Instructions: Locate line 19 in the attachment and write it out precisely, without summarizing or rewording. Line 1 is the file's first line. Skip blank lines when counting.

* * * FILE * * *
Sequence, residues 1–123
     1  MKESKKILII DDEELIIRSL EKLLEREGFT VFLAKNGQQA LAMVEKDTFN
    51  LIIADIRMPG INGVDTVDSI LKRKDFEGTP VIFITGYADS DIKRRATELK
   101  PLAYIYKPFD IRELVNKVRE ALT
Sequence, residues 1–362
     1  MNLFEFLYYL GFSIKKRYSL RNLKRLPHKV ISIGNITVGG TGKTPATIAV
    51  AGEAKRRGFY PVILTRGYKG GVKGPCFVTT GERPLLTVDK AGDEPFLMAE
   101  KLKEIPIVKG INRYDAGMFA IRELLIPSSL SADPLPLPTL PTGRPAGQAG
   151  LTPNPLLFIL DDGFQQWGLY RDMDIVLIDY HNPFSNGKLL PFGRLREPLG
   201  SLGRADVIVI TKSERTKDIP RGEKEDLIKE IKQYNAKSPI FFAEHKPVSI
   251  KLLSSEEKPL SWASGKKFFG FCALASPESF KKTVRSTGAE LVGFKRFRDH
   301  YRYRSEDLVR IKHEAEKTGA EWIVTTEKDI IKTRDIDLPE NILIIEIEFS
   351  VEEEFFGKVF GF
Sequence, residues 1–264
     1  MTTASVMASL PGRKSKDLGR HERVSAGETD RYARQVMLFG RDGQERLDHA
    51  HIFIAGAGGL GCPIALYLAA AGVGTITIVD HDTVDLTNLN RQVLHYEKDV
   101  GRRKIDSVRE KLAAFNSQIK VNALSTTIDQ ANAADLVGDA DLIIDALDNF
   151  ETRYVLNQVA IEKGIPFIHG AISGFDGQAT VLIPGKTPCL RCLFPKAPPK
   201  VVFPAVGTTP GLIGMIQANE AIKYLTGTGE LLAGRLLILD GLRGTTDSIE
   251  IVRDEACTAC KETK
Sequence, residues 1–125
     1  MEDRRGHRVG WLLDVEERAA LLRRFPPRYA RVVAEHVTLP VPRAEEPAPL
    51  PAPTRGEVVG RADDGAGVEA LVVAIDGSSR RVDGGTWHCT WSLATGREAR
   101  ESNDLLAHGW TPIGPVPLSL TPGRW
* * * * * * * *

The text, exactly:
   201  VVFPAVGTTP GLIGMIQANE AIKYLTGTGE LLAGRLLILD GLRGTTDSIE